Prep: 20 mins
Cooking: 40 mins
395g can sweetened condensed milk
125g butter, chopped
3 tbs golden syrup
3 large Cavendish bananas
1 cup desiccated coconut
½ cup traditional rolled oats
1 cup plain flour
½ cup brown sugar
½ cup desiccated coconut
125g butter, melted
Preheat oven 180°C fan forced. Line base and sides of a 5cm deep, 18cm x 28cm (base) slice pan allowing a 2cm overhang at both long ends.
For the base; Combine flour, brown sugar and coconut in a bowl. Add the butter, mix well. Press mixture over the base of the prepared pan.
Bake 15 minutes or until light golden around the edges.
Combine sweetened condensed milk, 60g of the butter and 2 tablespoons of the golden syrup in a microwave safe, heatproof bowl. Microwave, uncovered, for 3-4 minutes on High/100% power, whisking every minute until light golden.
Peel and slice the bananas, fold into the warm caramel then carefully spread over the warm base.
Melt the remaining 60g butter and 1 tablespoon golden syrup in a small saucepan. Stir in the coconut and oats. Spoon over the banana caramel mixture.
Bake a further 18-20 minutes until golden. Set aside to cool completely before cutting into pieces to serve.
Cyclists, tennis players, triathletes and just about anybody involved in sport love to eat bananas before, during or straight after training.
Research shows that having two bananas an hour (with water) works just as well as sports drinks on a 75km bike ride. The banana breaks down in digestion to give natural sugars that fuel the muscles, making it the perfect sports snack.
The perfect pick-me-up
Carbohydrate snacks are very useful for bringing low blood glucose levels back to normal and help avoid the mid-afternoon slump often experienced at work. Healthy blood glucose control is helped by snacking on carbohydrate foods every 2-4 hours to keep levels steady. Wholesome carbohydrate snacks are very useful for clear thinking, improved memory and mood. Bananas are ideal, because of their low Glycaemic Index and zero fat level.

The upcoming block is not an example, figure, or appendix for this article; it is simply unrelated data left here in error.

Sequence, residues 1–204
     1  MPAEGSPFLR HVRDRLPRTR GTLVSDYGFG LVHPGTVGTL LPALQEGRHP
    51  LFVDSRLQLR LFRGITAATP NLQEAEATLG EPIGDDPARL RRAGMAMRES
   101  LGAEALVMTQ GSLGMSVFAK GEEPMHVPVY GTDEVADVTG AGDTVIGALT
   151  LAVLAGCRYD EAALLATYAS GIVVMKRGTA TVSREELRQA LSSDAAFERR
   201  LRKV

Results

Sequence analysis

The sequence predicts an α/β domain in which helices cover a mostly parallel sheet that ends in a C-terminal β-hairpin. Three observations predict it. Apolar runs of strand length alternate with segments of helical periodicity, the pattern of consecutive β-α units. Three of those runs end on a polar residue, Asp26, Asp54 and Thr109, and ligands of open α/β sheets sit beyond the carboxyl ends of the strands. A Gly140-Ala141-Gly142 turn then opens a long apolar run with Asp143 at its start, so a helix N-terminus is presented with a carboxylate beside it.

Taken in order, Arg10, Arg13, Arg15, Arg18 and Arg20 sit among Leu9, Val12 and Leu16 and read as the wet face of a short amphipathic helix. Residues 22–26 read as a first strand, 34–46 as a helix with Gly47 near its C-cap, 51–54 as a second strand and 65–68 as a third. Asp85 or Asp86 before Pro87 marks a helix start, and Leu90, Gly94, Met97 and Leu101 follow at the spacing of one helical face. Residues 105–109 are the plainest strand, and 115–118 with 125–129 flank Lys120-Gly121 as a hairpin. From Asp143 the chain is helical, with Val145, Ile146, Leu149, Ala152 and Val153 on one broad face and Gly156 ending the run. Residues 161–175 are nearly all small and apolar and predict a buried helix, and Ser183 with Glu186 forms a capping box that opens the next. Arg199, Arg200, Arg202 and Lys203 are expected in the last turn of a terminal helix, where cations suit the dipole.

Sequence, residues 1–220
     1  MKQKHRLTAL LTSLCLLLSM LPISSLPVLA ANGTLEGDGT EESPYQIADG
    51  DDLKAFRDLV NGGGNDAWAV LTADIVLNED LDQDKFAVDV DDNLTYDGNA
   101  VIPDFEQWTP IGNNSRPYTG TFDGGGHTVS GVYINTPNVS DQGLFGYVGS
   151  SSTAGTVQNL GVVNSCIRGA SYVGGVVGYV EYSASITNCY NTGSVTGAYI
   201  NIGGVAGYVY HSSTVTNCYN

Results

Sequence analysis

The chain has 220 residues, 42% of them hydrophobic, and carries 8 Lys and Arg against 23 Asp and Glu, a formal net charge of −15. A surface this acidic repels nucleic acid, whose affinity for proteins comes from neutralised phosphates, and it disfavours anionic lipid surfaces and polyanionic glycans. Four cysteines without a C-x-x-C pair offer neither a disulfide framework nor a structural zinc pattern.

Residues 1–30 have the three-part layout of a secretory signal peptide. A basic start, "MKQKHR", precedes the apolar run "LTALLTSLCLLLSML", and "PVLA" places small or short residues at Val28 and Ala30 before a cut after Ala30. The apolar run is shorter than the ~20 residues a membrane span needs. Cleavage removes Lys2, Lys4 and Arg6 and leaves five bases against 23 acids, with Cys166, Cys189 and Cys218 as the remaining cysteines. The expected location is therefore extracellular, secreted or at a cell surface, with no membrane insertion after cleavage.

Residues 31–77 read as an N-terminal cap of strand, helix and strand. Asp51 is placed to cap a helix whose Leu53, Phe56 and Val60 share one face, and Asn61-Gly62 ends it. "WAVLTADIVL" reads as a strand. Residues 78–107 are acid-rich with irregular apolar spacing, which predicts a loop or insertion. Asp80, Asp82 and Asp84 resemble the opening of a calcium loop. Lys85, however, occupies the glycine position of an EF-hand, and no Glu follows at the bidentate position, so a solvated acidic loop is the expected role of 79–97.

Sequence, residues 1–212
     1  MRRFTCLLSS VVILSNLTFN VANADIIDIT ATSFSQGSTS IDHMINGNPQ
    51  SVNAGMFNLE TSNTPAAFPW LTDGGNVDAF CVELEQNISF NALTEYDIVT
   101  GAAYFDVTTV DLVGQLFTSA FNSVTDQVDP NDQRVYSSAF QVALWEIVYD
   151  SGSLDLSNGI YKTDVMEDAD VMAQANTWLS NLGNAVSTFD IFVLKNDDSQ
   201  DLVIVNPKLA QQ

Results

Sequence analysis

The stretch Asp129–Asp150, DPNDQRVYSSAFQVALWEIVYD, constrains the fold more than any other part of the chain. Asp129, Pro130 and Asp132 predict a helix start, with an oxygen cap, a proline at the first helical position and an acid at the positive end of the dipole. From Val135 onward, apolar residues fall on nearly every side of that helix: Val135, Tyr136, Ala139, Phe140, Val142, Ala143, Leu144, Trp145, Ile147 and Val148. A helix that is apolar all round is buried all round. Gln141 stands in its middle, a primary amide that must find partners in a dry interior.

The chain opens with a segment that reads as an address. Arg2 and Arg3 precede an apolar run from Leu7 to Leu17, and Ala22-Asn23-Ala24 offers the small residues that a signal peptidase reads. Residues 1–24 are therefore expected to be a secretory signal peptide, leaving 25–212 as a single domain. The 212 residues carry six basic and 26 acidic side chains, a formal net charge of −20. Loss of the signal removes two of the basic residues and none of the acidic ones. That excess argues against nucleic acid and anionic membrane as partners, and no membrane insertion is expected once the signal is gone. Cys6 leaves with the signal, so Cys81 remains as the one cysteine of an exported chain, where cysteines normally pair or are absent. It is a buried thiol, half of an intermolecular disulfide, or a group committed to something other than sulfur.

Low glycaemic index
The average Glycaemic Index of bananas is 52, even less for under-ripe bananas as they have a higher starch content and a lower sugar content. A GI of 52 is classified as low, meaning that it doesn't cause high blood sugar levels. That makes the banana a particularly good fruit choice for people with diabetes.
Australian Bananas are the best fruit source of vitamin B6. One banana provides about 15 per cent of your daily needs. Vitamin B6 helps with the production of neurotransmitters including serotonin and gamma-aminobutyric acid (GABA). The older you get, the more B6 your body needs. The banana is also a wonderful source of vitamin C, along with modest amounts of the B group vitamins niacin, riboflavin and pantothenic acid.
Antioxidants are well known to be playing a role, in reducing the risk of early disease. Scientific research confirms that bananas have significant antioxidant power helping to protect the body from future disease via their positive effect on blood and nerves. Bananas have antioxidant compounds such as vitamin C and phenols.
In addition to the medium-sized bananas, many retailers now stock the smaller 'lunchbox' banana which is perfect for school kids who prefer a smaller serve. In fact, anyone with a small appetite or those who just like frequent snacks can dine on the convenient lunchbox banana.